As services began, I noticed my own resistance to these changes, at the same time as my inner grammarian inspected the unfamiliar feminine forms with interest.  Having come to traditional observance as an adult and taken pains to become familiar with the Hebrew liturgy, it was hard to surrender my mastery of the text and stumble over pronunciation again.  Perhaps at a deeper level, having struggled with the place of women in traditional Jewish texts and communities, I was reluctant to let my guard down enough to trust a more inclusive liturgy. A lot of what I value about the Jewish tradition is the opportunity it furnishes to come into close contact with texts which are often difficult or alienating. Instead of simply rejecting the parts of the text which may wound the contemporary reader, a commitment to Jewish life means remaining in dynamic conversation with a tradition which can be at the same time sam mavet, poison, or sam hayim, life-giving elixir.  

However, my brief foray into the gender-egalitarian siddur made me question my assumption that being a woman who is serious about Jewish practice and the study of Jewish texts means ceaseless wrestling with the deeply patriarchal structure of the Jewish tradition. Interestingly, though Havurat Shalom’s approach is to be exhaustively thorough in its adaptation of the liturgy to include feminine and non-hierarchical language for God, they do not alter the text of the Torah reading in this way. To my mind, this difference reflects a crucial distinction between study and prayer.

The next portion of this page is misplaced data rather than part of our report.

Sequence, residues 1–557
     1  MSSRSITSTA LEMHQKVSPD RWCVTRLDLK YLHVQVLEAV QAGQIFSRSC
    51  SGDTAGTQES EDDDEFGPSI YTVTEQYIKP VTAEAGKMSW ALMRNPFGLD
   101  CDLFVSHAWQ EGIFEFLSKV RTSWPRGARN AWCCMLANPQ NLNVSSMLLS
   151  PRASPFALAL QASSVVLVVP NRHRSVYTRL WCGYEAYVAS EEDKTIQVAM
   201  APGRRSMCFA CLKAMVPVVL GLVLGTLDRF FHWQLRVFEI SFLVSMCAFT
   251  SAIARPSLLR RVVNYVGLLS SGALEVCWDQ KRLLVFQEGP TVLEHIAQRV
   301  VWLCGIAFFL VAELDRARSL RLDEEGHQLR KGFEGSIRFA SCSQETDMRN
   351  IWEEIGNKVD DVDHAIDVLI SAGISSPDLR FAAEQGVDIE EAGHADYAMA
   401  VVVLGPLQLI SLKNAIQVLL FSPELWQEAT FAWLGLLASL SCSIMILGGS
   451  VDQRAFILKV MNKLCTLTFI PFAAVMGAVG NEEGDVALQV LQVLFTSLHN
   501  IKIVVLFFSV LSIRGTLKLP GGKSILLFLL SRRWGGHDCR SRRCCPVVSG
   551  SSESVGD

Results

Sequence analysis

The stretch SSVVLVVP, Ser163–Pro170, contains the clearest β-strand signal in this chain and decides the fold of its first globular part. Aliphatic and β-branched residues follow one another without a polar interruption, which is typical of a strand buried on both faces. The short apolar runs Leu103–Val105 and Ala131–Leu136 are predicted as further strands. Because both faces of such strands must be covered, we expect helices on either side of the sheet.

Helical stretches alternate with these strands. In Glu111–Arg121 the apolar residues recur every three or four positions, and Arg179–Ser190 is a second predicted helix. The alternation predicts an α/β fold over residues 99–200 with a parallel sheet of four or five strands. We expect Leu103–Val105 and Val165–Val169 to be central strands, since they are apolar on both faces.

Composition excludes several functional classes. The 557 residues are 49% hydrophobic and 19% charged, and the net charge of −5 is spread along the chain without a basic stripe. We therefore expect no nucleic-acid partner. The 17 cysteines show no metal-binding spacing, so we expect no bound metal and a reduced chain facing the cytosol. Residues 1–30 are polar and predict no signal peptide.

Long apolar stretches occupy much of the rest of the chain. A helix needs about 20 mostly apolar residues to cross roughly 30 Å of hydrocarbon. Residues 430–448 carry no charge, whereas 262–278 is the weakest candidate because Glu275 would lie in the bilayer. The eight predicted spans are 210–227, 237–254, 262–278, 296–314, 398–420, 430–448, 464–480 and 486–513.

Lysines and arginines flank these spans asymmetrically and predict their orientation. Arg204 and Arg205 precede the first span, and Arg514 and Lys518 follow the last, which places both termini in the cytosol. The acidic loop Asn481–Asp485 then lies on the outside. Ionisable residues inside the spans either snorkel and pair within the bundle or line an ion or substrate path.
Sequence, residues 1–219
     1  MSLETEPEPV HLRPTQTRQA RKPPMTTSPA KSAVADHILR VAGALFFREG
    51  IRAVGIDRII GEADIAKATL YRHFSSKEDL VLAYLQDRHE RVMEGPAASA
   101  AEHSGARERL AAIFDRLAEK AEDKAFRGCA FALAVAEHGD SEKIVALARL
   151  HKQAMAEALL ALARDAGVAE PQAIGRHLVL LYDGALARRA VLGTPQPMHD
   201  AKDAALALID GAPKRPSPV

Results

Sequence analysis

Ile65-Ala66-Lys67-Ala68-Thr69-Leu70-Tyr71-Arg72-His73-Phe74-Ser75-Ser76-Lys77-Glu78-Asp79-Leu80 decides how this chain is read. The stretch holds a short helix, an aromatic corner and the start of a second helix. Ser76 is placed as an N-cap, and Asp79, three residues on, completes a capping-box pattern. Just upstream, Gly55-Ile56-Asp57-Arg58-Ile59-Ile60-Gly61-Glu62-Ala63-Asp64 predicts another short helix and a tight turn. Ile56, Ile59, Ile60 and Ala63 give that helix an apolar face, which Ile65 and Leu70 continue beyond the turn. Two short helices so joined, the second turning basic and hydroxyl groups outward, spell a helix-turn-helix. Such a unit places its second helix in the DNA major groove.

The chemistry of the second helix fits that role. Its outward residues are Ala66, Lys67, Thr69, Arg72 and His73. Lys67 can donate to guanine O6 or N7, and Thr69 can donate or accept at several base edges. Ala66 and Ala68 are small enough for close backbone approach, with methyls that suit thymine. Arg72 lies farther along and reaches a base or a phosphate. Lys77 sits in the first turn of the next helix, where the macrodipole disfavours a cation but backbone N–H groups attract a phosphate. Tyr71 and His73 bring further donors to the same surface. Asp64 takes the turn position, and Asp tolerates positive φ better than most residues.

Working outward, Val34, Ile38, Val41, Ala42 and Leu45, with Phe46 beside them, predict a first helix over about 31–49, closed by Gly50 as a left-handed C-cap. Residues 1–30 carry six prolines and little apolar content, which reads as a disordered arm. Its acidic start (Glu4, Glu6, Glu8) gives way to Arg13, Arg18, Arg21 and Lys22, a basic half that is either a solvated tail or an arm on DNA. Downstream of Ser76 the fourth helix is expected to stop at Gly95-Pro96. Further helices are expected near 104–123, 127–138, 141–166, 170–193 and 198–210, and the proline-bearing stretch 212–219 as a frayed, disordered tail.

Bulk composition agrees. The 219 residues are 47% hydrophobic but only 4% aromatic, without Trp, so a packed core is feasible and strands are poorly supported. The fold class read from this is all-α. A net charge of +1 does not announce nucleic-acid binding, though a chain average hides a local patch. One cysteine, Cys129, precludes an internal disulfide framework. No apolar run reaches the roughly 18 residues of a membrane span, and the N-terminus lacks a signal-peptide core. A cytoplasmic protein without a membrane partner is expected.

Rigorous study means serious engagement with the ways in which the text pushes the reader away and resists easy incorporation into modern life. Its goal is to understand the tradition on its own terms, and it requires a kind of interpretive resilience, a tricky separation of personal injury from scholarly interest.  Prayer is not like this. The texts with which we pray, I have come to believe, should serve as a verbal technology for spiritual connection, allowing us to enter into them with relative ease so that they can be used to encounter the divine. To alter the text of the liturgy is not to censor it, it is to refine its power as a tool of worship in a particular time and place.  

It is also a kind of theology in action.  As the inheritors of an incredibly rich textual tradition, many Jews have learned to imagine God primarily through language.  The frequent occurrence of certain names of God — Adonai tz’vaot (Lord of hosts), av harahaman (compassionate Father), eloheinu v’elohey avoteinu (our God and the God of our fathers), and melech haolam (King of the universe), to give only a few examples — certainly shaped my personal theology, although intellectually I resist their implications of a stern, masculine, God-as-judge. To a much greater extent than I had expected, even a brief experiment in using different language — makor hahayim (source of life), eden olamim (origin of the universe), shechinah (Presence), imah (Mother) — helped me to see my own gendered assumptions about God more clearly, and to begin to surrender them.